In today’s 24/7 world, staying plugged in has practically become a way of life. From navigating over-scheduled calendars to managing multiple to-do lists, it seems that some days, finding time to so much as sit down and take a breath is impossible.
Enter mindful therapy.
Mindfulness has shown potential to reduce symptoms of stress and depression, and improve general health; and mindful therapy is an effective way to learn mindfulness-based tools you can incorporate into your everyday life.
Here, Zencare – a search site to help people find great therapists – introduces mindful therapy, what you can expect in a typical mindfulness-based therapy session, and shares tips on how to find a mindfulness therapist who’s right for you.
What is mindful therapy?
Mindfulness practices include a wide variety of different exercises and activities. Generally, they are intended to help you learn to observe yourself and the world around you in an open, nonjudgmental way.
Mindfulness often focuses on increasing calm awareness of your own thoughts, emotions, and experiences in the moment.
Again, approaches and exercises can vary, but may include these two standardized approaches:
Mindfulness Based Stress Reduction: MBSR is a proven way to reduce stress and emotional suffering. The therapist guides clients as they explore the connection between mind and body through meditation, dialogue, and mindful yoga, and movement. Through mindfulness practice, clients are able to connect with their inner resources for coping, growing, and healing.
Mindfulness Based Cognitive Therapy: MBCT illuminates thought patterns that take hold during depressive episodes. The therapist supports the client by noticing how their thought patterns impact their emotional experience and then provides mindfulness techniques to help them maintain optimal mental health and wellness.
What are common mindful therapy exercises?
Mindful therapy is a different experience for every individual, because every individual has unique situations and symptoms – so you may not practice every exercise below, or you may find other exercises are more helpful for you.
That said, typical exercises may include:
- Meditative body scans
- Guided imagery
- Mindful listening
- Mindfulness of the breath, sounds, and thoughts
- Acceptance of social anxiety
- Breath focus with guidance, and without guidance
What questions should I ask a potential mindful therapist?
Consider asking the following questions when searching for a therapist who specializes in mindfulness:
- Can you tell me a bit about your practice?
Asking this open-ended question can help you determine whether the basics of their approach appeal to you and might make you feel comfortable in sessions.
- Do you have experience working with clients who are facing [your particular concern or situation]?
- How long do you typically see patients?
Note that typically, there is no set endpoint for mindful therapy. You and your therapist will agree on treatment goals early on in the therapeutic process; this discussion should also include ways to measure progress based on your individual goals.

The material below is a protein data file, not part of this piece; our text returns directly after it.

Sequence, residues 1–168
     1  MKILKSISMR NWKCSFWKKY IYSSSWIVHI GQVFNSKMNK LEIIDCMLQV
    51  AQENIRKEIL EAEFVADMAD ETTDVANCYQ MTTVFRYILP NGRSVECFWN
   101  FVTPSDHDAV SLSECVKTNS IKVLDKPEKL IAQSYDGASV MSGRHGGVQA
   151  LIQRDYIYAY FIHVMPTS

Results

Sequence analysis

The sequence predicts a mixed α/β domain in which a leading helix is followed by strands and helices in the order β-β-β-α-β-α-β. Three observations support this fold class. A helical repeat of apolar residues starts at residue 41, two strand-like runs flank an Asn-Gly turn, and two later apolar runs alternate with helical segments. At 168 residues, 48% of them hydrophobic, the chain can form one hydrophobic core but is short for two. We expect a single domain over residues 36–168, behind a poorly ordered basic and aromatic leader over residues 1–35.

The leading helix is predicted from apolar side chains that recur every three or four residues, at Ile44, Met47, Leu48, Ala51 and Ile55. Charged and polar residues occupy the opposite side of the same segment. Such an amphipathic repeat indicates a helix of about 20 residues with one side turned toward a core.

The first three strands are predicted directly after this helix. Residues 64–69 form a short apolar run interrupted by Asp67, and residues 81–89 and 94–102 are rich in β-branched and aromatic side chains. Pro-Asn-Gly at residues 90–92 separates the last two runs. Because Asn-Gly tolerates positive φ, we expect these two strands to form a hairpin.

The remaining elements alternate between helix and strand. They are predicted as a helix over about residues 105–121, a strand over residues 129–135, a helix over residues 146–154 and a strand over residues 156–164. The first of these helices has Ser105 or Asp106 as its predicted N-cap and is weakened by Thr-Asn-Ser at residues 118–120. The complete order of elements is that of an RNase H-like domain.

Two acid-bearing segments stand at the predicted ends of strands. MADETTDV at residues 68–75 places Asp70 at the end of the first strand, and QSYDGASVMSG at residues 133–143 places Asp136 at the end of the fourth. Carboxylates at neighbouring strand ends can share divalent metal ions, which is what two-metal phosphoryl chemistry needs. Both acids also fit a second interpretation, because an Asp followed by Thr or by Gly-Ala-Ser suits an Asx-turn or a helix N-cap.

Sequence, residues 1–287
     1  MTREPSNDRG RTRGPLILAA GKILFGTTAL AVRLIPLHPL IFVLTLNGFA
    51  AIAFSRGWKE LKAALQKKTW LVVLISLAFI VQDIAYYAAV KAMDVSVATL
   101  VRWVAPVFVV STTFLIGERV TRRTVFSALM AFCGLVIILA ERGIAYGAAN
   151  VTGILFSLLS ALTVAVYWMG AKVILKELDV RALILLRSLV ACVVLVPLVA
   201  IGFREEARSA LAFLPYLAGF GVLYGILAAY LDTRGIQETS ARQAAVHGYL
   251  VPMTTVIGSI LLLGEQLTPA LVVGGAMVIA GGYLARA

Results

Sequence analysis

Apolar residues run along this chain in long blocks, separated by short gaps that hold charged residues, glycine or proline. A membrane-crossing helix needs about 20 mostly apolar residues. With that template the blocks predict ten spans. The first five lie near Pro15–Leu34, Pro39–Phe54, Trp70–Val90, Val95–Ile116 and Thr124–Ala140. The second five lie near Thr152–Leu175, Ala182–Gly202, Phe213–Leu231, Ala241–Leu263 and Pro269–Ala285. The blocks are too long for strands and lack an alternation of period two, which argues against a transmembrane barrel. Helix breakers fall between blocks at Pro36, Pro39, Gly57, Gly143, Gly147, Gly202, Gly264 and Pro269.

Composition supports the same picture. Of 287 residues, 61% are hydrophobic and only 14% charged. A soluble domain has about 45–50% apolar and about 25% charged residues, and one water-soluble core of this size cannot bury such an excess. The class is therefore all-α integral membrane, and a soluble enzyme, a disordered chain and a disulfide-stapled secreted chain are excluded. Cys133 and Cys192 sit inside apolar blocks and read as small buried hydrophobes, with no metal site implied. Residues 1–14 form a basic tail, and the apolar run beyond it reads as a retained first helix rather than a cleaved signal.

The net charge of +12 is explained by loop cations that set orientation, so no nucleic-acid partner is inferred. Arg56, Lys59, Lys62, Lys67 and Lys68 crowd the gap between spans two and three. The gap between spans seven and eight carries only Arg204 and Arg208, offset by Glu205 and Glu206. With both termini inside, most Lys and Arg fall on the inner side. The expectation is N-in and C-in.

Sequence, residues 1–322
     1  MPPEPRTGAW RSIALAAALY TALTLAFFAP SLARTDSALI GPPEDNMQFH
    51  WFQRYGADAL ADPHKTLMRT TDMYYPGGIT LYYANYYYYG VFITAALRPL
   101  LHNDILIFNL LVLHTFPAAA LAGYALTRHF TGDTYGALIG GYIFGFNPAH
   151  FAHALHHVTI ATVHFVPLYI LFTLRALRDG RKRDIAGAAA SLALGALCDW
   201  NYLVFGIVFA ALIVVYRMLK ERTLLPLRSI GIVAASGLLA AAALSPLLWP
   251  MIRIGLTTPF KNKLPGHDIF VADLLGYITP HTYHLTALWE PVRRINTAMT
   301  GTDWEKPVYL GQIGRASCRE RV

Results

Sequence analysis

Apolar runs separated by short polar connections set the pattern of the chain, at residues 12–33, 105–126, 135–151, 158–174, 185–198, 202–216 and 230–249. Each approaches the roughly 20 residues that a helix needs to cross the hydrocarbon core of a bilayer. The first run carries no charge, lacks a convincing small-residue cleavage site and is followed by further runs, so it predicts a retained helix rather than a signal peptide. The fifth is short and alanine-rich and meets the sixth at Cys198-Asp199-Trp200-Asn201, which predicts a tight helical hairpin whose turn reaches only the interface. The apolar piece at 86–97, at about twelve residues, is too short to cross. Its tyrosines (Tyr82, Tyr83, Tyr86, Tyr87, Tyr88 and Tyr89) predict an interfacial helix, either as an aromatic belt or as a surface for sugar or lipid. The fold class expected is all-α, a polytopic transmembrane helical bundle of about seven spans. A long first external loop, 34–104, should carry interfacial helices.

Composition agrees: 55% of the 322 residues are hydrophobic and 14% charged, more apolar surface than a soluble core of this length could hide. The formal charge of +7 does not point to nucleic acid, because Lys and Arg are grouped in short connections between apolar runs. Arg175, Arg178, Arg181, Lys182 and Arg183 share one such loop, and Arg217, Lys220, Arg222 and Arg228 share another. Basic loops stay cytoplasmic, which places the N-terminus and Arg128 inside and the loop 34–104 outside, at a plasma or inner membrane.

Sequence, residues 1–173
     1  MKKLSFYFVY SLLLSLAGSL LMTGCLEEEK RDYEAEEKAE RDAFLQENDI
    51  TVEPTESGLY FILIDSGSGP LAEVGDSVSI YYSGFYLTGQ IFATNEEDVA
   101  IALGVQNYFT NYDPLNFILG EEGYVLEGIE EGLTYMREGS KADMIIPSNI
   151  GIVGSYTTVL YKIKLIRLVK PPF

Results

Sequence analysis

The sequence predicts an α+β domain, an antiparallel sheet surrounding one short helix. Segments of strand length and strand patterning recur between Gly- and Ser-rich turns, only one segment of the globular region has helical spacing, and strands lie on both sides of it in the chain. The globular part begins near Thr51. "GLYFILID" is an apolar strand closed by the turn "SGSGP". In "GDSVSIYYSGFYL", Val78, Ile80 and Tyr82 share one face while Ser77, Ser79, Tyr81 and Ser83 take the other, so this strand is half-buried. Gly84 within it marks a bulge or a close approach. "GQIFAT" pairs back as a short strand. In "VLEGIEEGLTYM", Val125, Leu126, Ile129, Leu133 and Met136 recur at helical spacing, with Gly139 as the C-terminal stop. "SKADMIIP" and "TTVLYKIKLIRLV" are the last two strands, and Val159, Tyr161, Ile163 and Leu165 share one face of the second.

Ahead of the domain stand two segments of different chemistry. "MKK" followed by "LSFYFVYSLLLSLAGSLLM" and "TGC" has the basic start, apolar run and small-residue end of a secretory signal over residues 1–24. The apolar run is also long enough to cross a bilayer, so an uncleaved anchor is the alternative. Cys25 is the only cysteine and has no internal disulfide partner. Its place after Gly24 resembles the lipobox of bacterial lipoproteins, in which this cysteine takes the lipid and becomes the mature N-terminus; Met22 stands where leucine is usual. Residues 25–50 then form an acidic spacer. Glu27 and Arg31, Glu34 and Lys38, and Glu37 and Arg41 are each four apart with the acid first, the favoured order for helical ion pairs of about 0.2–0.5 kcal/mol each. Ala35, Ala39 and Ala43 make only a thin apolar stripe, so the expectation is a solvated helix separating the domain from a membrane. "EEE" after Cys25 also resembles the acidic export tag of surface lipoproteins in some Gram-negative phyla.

- What is your insurance policy and/or session rate?
You have a few options when paying for mindful psychotherapy, including:
- Finding in-network therapists: When you think of finding a therapist who “takes your insurance,” you’re thinking of in-network therapists.
- Expanding your search to out-of-network therapists: This is a great option if you’re able to pay more than $50/session, and want to maximize your therapist options.
- Sliding scale, HSA, FSA: These are good options if you have a high deductible plan, and want to find alternative ways to keep therapy costs down.
What certifications should I look for in a mindful therapist?
Regardless of which kind of mindfulness practice you’re interested in pursuing, make sure you work with someone who is trained in using mindfulness techniques.
Practitioners of various mindfulness practices will often have certifications and licenses to practice specific treatments, such as meditation, yoga, or Mindfulness Based Stress Reduction. If you’re dealing with a specific mental health concern, it may also be helpful to find someone with experience using mindfulness to treat your particular symptoms or condition.
Also, keep in mind that practitioners of mindfulness — including yoga instructors and meditation coaches — aren’t always psychotherapists. If you expect psychotherapy to be part of your treatment and are looking for a mindful talk therapist, make sure to look for a provider who is licensed to practice in the state where you live.
Where should I start my search for a mindful therapist?
Live outside those areas? Look for the certifications from the above section to start your search!
Whether the plugged-in stressors of today have you feeling tapped out, you’re looking to boost your external awareness and self-compassion, or you’re just curious about mindfulness, consider seeing a mindfulness-based therapist!
This is a guest post from Zencare, a website that helps people find their ideal talk therapists. Visit Zencare.co to browse their vetted network of top therapists, including perinatal therapists, using criteria like insurance, sliding scale, location, and specialties. You can also directly book a free assessment call from the Zencare site.